Mountain Goats (Oreamnos americanus) occur throughout British Columbia (BC) in both the interior and coastal mountain ranges. Populations in general appear to be relatively stable, although as resource extraction, commercial development and back-country recreation increases, localized impacts to mountain goat populations will result. Phelps et al. (1976) noted a massive over-harvest of mountain goats in the 1960s as a result of the continuous expansion of access related to resouce extraction that allowed the progressive exploitation of previously unhunted herds. Demarchi et al. (2000) and Morgan and Forbes (1982) both concluded that forest harvesting wtihin areas formerly regarded as marginal, can have the largest potential to infringe on sensitive mountain goat habitat. Forbes' personal files noted that during the late 1960s and early '70s, almost 30% of the annual provincial goat harvest was taken within a 3-4 hour drive from Vancouver, averaging 200-250 goats per year, primarily from Chilliwack, but also from the Squamish district. As a result, local populations of mountain goats continue to remain depressed and as such, this species is considered a species of management concern within the Lower Mainland Region (LMR) of the British Columbia Ministry of Water, Land & Air Protection.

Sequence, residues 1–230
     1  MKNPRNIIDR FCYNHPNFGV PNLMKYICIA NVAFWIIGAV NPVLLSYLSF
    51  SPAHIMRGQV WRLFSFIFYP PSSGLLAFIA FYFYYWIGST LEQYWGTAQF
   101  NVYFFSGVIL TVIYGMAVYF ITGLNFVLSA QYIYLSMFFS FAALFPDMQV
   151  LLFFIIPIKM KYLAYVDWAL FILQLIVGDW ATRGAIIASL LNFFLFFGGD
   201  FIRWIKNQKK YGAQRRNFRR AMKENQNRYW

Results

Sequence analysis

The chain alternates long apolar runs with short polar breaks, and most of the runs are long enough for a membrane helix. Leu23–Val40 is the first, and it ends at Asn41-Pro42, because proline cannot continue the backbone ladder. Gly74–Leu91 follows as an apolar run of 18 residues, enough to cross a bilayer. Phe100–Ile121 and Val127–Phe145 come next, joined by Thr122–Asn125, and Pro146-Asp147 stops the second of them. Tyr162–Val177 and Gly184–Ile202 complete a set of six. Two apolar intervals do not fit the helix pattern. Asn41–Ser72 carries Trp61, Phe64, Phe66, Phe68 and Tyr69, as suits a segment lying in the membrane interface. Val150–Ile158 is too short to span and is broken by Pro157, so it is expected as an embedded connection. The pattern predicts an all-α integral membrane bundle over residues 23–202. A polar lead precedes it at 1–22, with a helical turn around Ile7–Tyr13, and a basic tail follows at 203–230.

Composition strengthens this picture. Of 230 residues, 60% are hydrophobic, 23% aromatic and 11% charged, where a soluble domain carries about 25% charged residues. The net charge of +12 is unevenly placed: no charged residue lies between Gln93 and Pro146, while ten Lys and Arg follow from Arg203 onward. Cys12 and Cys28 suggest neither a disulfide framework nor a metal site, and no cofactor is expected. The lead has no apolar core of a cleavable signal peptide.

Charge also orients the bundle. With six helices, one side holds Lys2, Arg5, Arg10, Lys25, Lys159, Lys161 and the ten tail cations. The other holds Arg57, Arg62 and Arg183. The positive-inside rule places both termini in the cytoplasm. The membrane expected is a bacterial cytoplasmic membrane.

Jex, B.. 2004. Analysis of the Topographic Habitat Attributes for Mountain Goat Winter Ranges on the Southern Mainland Coast of British Columbia. Ministryof Water, Land and Air Protection